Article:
Alex Añón jokingly tells his customers at Bucephalus Bikes, 1424 Lake St., that he’ll be “the last one pounding on your bike’s chest.”
Mr. Añón, who opened the shop in 2009, takes pride in resurrecting bikes that might cause other bike repair-people to throw their arms up in frustration.
“If I recognize that something has life in it and can be fixed, I’m going to fix it,” he said.
Bike-repair services have been especially important for Evanstonians during the COVID-19 pandemic. Once spring weather set in, according to reports, numerous Americans took to biking as a means for a recreation that also facilitated easy social-distancing. But even as bike sales soared, pandemic-related supply issues slowed down bicycle manufacturing and deliveries, prompting bicyclists to seek repairs on either bikes they already owned or had newly purchased used.
As such, the initial shutdown on businesses late last winter had a minimal impact on Bucephalus Bikes, said Mr. Añón’s wife, Cecelia Wallin. The store was already coming off its traditionally difficult winter season as the real impact for the pandemic began to be felt.
“There was a lot of apprehension: Would it pick up as an ‘ordinary’ season, or what else was going to happen?” she recalled. “But, in March, while everything was getting shut down, bike shops were deemed essential by the governor.”
Mr. Añón’s and Ms. Wallin’s most significant changes for the shop were not hiring seasonal help and staying closed to walk-in traffic. But business did pick up, mostly from people seeking repairs.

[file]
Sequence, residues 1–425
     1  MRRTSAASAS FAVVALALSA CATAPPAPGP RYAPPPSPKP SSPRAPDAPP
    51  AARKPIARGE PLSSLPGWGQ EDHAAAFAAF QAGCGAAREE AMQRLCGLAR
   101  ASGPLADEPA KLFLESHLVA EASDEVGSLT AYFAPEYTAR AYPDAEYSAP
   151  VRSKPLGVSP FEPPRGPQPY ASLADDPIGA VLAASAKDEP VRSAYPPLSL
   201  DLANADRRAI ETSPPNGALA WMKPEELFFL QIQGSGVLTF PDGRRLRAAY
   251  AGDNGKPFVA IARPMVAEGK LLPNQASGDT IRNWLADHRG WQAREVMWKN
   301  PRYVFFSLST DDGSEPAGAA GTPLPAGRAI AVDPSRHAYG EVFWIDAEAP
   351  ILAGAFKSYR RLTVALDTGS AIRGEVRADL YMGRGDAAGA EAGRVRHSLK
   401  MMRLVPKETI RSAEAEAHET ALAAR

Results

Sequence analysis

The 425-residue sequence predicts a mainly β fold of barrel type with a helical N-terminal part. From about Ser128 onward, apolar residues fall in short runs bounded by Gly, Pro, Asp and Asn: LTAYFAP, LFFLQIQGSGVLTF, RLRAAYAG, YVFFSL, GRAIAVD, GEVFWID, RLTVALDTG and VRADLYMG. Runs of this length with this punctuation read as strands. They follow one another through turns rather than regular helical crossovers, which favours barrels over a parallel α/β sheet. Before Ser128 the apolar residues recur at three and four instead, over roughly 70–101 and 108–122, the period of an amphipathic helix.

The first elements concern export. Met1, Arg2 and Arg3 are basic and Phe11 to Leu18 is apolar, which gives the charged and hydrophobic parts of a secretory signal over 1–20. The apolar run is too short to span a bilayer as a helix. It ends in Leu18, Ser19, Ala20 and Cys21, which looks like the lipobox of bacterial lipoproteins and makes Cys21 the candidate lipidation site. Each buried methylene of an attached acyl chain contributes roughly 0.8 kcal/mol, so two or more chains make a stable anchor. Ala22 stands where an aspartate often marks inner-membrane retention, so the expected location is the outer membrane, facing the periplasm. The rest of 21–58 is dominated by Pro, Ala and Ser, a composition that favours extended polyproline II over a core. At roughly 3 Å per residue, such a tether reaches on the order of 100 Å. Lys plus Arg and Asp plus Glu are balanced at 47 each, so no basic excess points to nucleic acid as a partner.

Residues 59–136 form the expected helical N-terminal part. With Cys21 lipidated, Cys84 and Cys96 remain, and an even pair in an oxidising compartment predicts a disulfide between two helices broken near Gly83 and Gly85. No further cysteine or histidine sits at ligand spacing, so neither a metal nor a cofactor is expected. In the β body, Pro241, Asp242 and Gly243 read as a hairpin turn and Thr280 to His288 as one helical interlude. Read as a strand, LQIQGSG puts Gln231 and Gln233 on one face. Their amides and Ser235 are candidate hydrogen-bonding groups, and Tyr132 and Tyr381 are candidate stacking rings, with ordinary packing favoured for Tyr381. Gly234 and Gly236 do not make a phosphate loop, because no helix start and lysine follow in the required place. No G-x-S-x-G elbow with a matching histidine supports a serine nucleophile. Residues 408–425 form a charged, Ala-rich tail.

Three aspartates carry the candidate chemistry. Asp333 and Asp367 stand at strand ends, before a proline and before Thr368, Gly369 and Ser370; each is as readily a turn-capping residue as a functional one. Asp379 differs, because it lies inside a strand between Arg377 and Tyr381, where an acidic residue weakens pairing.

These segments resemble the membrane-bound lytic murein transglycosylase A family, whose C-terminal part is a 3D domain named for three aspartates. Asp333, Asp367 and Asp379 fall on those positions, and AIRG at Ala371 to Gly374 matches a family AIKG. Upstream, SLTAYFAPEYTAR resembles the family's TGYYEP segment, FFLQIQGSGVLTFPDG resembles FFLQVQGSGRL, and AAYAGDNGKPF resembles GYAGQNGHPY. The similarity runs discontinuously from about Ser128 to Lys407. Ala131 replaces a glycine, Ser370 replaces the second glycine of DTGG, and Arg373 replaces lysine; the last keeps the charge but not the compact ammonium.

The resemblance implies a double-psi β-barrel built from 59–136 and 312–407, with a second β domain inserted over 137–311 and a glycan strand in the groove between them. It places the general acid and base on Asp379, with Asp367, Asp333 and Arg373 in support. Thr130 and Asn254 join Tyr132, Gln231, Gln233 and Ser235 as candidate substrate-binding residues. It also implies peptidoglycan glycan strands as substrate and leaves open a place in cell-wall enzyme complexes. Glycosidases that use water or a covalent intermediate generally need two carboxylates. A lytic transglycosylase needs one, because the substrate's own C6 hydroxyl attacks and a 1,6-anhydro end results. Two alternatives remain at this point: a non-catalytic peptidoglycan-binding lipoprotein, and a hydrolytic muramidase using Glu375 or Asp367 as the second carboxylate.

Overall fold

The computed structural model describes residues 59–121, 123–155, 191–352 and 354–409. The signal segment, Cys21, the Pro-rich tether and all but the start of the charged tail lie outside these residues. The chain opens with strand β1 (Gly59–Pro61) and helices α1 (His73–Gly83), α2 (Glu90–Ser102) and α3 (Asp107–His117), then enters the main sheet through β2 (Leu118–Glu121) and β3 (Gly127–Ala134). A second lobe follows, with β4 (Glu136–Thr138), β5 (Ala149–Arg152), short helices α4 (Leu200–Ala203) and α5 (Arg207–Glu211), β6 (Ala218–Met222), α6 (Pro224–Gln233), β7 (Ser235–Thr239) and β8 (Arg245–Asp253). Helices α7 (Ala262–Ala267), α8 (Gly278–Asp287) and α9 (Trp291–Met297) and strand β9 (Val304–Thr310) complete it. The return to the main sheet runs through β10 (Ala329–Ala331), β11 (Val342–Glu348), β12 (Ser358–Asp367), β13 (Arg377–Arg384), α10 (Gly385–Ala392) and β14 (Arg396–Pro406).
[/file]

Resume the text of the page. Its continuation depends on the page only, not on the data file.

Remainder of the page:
“By May, there was the bike shortage – you couldn’t get any more bikes,” Ms. Wallin said. “That increase in repair work really helped us get through. … With some businesses, like restaurants, it was apparent that [the pandemic] was dire. It became clear that we were going to get through this, and more or less how we get through every season.”
Bucephalus Bikes has been in its present location since 2012. Mr. Añón, formerly an architect, said that working with his hands had always had “an allure.” The name of the store is inspired by the name given to Alexander the Great’s beloved horse.
“I’ve always loved to work with things,” Mr. Añón said. “I get that from my dad. I also find the bicycle to be the solution to many of the problems that we have. It was perfect for me to do that at the time. We started with very humble beginnings, in a garage with 700 square feet.”
Ms. Wallin added, “We are so grateful for the business that we have and the community we have. Our business seemed more resilient during the pandemic, and we’re very much aware of the spectrum of struggles that small business experience. Sure, there are the shortages –but people are still getting on bikes and bringing them to us to get repaired. … We had to pivot, and there was a way we could do so and still be a [viable] business.”
Having a business committed to sustainability has also been important for her and her husband.
“Even before we opened the shop, we had given up our car – it was about 25 years ago this month,” Ms. Wallin said. “Just being committed to that [car-less] lifestyle, with four sons, on bikes and public transit, fit together as Alex decided what he wanted to do.”
The couple is committed to their customers having a friendly experience when they avail themselves of the store’s services. Ms. Wallin noted that many people are intimidated setting foot into a bike shop.
“It is about being really welcoming,” she explained. “It could be a much older person, a younger person or someone who’s just getting on a bike for the very first time. There has to be no judgment either about the kind of bike you ride or what kind of riding you’re going to do – it’s just about you getting out on a bike.”